Nick Smith-Sebasto, class of ’86, urged his audience to “stop the insanity” in a lecture titled, “Land Grab and Garbage Barge: Lessons for Sustainability and Ideas for the 21st Century.”
The seminar was held by the College’s biology department on Sept. 23.
In a PowerPoint presentation, Smith-Sebasto said the insanity he refers to is the world’s apparent disregard for the environment.
Smith-Sebasto’s main concern was increasing vegetation area. He said it takes 500 years for topsoil to be created, but it is often quickly paved over. According to Smith-Sebasto, paving trucks are the weapons of mass destruction commonly searched for, which prompted laughter from the audience.
He showed a picture of mountains and compared it to a photo of a city.
“We are going to achieve build-out,” he said, which means not having enough available land to make changes to the landscape and architecture. “We have to do things to not harm the Earth,” he said.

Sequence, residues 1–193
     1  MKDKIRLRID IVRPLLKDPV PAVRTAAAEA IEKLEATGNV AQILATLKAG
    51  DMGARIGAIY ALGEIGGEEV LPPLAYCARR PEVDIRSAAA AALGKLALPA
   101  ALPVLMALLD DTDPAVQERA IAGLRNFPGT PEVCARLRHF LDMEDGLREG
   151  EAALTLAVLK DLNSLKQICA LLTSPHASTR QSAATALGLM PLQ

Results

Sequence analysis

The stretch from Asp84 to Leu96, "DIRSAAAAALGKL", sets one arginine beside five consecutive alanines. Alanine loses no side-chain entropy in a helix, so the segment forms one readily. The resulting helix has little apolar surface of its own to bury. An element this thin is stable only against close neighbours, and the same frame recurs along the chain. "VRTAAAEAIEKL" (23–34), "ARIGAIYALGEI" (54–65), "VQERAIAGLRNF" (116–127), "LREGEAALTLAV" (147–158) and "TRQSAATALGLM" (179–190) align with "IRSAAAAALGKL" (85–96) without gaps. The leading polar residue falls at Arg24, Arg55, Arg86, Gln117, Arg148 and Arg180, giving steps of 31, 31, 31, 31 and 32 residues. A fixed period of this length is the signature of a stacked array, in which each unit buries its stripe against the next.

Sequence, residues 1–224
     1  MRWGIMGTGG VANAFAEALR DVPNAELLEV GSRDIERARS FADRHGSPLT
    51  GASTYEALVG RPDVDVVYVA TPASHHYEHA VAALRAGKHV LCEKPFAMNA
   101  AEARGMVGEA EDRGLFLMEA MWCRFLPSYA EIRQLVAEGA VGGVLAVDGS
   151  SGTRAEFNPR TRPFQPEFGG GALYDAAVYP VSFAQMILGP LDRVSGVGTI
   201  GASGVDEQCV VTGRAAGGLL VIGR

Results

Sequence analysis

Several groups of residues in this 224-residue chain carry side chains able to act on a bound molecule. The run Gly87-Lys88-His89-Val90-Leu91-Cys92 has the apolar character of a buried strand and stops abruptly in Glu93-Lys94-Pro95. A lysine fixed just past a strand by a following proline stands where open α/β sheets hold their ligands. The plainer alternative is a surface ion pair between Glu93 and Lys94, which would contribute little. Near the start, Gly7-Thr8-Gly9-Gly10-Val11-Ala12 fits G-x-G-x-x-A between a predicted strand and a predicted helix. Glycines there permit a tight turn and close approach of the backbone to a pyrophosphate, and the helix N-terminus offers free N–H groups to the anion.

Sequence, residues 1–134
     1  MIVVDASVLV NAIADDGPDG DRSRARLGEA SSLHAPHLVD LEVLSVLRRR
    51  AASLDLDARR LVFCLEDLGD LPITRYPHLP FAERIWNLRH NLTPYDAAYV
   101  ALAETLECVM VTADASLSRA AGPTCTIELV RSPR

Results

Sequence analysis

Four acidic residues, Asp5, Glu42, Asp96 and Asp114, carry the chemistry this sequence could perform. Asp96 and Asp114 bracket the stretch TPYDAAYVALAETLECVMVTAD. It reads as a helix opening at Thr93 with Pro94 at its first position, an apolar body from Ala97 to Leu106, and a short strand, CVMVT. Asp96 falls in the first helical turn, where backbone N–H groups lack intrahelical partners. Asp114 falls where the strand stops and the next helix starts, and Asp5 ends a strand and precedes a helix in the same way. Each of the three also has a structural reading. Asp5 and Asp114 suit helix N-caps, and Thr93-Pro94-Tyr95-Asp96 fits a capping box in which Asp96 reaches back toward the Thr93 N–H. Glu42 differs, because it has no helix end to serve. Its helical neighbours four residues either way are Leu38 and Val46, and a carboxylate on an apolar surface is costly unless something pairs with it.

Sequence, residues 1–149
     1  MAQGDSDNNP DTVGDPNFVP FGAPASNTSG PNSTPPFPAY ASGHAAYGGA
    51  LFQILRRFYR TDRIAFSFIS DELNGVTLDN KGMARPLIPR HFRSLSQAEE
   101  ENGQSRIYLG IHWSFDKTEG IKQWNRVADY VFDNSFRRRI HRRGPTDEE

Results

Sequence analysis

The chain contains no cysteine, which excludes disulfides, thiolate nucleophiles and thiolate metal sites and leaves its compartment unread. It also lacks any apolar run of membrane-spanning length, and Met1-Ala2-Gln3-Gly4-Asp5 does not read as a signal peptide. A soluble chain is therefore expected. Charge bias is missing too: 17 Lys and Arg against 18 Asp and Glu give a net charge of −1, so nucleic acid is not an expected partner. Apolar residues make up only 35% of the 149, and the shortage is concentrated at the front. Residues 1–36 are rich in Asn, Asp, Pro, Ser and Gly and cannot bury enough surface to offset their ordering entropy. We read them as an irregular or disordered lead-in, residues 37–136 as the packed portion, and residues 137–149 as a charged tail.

Smith-Sebasto explained how the College could use compost to minimize negative effects on the Earth. By mixing food scraps in a bio-mixer with wood chips, which provide carbon for the food to break down, the resulting compost can be used as fertilizer after three days.
According to Smith-Sebasto, this will decrease the use of landfills and increase vegetation areas.
He said Montclair State University has integrated this bio-mixer into the campus as a way to promote green initiatives.
Smith-Sebasto said he is hoping for a new paradigm for the 21st century to help nature recover. He read a series of quotes from scientists on the state of the world today.
“‘Humans have changed ecosystems rapidly,'” he read. “‘The degradation of ecosystems could grow significantly worse in this century.'” He said this destruction will occur in students’ lifetimes.
Alexandra Pastino, junior biology major, said she came to the lecture to gain perspective for research she is doing this semester.
“My research is ecological in its basis dealing with living organisms,” Pastino said. She is researching the sex pheromones of crayfish. According to her, the seminar was relevant to her research because she was able to see how habitat can impact an entire species.
Smith-Sebasto is an associate professor in the department of Earth and Environmental Studies at Montclair State University. He holds a doctorate in environmental communication, education and interpretation from Ohio State University.